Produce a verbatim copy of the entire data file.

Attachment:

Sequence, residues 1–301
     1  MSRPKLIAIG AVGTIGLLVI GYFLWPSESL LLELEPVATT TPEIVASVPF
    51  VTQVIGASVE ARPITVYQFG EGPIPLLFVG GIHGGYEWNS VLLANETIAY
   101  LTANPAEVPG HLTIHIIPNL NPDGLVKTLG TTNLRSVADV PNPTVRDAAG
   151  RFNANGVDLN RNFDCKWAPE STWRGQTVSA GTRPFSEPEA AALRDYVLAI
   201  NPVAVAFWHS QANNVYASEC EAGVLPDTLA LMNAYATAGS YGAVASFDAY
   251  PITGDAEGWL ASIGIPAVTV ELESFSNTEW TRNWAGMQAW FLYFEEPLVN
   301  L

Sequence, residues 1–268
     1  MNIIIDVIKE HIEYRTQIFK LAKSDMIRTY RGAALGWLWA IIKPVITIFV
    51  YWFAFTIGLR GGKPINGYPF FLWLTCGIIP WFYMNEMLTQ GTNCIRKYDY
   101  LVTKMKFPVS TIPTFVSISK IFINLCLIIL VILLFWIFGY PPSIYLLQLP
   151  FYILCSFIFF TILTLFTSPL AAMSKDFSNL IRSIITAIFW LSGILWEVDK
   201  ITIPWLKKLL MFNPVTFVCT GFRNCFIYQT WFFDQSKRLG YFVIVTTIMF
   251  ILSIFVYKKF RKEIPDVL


Sequence, residues 1–301
     1  MSRPKLIAIG AVGTIGLLVI GYFLWPSESL LLELEPVATT TPEIVASVPF
    51  VTQVIGASVE ARPITVYQFG EGPIPLLFVG GIHGGYEWNS VLLANETIAY
   101  LTANPAEVPG HLTIHIIPNL NPDGLVKTLG TTNLRSVADV PNPTVRDAAG
   151  RFNANGVDLN RNFDCKWAPE STWRGQTVSA GTRPFSEPEA AALRDYVLAI
   201  NPVAVAFWHS QANNVYASEC EAGVLPDTLA LMNAYATAGS YGAVASFDAY
   251  PITGDAEGWL ASIGIPAVTV ELESFSNTEW TRNWAGMQAW FLYFEEPLVN
   301  L

Sequence, residues 1–268
     1  MNIIIDVIKE HIEYRTQIFK LAKSDMIRTY RGAALGWLWA IIKPVITIFV
    51  YWFAFTIGLR GGKPINGYPF FLWLTCGIIP WFYMNEMLTQ GTNCIRKYDY
   101  LVTKMKFPVS TIPTFVSISK IFINLCLIIL VILLFWIFGY PPSIYLLQLP
   151  FYILCSFIFF TILTLFTSPL AAMSKDFSNL IRSIITAIFW LSGILWEVDK
   201  ITIPWLKKLL MFNPVTFVCT GFRNCFIYQT WFFDQSKRLG YFVIVTTIMF
   251  ILSIFVYKKF RKEIPDVL